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    • I think that was a Lifetime movie; to add to the misery.

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      • No, it was network TV – I don’t think Lifetime even existed yet. If I remember correctly it was CBS in 1991 or so when people still watched network TV, so it was sort of a big deal. But it was awful.

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        • Ha… It actually had a 7.3 out of 10 rating on IMDB.

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  2. I still have my little bell that says, “Ring your Bell for Tampa” He was special that 1979 season. The early comparisons to Tony Dorsett were just a tad unfair. Ricky went to a team that hadn’t yet won a game and Tony went to a great Cowboy’s team who traded up with Seattle to draft him. Sad ending at only 29 years old.

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  3. Thank you for keeping Ricky Bell in our thoughts. He was a special player and man, a huge part of the early Buccaneer success, who died far too young.

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  4. Ricky Bell has a special place in my heart. He and I helped a young boy dying of cancer, stuck in an old folks nursing facility, to have some smiles. We got him to a Buc Game and he met, Lee Roy, Dewey, Doug, Batman, Mark, and many others before his life ended. Just a few years later Ricky was gone way to early. If the Bucs had known what Rickey really had, I bet they would have never traded him and Coach McKay would have kept him out of respect and loyalty.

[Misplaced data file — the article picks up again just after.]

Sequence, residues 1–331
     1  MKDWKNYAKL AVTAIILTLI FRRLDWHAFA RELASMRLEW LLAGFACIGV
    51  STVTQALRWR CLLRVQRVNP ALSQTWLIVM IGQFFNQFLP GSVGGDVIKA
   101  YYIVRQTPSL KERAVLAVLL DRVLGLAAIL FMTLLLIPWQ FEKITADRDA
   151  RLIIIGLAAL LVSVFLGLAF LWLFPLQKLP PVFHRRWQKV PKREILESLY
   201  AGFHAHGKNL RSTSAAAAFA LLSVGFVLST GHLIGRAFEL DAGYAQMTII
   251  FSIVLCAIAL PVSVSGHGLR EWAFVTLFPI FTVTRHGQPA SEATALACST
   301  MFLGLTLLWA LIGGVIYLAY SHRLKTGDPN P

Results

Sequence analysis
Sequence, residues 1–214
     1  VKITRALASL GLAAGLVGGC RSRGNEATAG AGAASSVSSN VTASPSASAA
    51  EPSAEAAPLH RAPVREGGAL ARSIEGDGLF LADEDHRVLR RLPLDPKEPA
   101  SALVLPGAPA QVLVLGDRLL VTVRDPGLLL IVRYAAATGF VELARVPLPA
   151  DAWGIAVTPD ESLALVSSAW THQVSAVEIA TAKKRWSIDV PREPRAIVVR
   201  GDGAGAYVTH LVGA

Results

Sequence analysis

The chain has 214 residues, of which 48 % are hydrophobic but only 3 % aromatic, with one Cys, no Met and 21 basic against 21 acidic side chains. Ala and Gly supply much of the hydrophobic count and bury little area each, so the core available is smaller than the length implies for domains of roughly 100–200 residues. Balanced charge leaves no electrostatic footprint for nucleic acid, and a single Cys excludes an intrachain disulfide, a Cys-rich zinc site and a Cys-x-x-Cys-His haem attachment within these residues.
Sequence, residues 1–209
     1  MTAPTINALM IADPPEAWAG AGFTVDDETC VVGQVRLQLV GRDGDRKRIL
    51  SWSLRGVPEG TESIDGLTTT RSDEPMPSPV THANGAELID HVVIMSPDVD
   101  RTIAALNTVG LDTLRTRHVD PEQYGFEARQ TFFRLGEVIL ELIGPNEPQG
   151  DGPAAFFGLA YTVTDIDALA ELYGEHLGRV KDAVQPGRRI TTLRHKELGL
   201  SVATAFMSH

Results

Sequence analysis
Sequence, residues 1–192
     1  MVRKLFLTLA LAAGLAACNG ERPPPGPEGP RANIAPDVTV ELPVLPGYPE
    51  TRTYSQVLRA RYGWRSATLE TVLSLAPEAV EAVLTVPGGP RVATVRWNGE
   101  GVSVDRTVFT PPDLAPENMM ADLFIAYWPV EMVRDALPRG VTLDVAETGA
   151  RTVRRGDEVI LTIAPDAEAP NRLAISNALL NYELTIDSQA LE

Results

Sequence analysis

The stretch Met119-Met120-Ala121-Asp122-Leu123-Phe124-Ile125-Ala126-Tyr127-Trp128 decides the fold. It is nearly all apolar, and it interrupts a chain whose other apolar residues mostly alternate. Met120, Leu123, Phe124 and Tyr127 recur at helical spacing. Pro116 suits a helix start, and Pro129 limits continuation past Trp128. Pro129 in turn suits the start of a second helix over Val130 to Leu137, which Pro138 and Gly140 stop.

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  5. Great story Horse. I am sure coach wish he had have known what was wrong with Ricky before he traded him.

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    • Boy’s name was Simon, and my wife and I helped to take care of him and took him places with our kids around Florida. He was in a wheel chair by then , could hardly hear and see, but we helped by letting him know someone cared about him. He had no father and his mother was in prison. When he passed away he was buried in Brooksville in a cemetery for what his family called back then the colored place across the railroad tracks. I was asked to speak about Simon at his funeral. I think I was one of two white people there. I loved Simon and wished I could have even done more for him. His highlight was being allowed into the locker room after the game. Doug Williams had busted his jaw in that game and still gave Simon some time.

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  6. Great idea Mark. I was a season ticket holder in 79 and it was a great season. The opening drive of the playoff game was pure Ricky Bell, Ricky to the left, Ricky to the right and Ricky up the middle. That game was the Bucs greatest moment in the Old Sombrero.

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    • I am sitting in the living room of my grandmother’s house as I type this. The same house I was in on that day in 1979. She has been gone a long time, but a lot of great memories of her, this house and that season. That was the year I feel in love with football.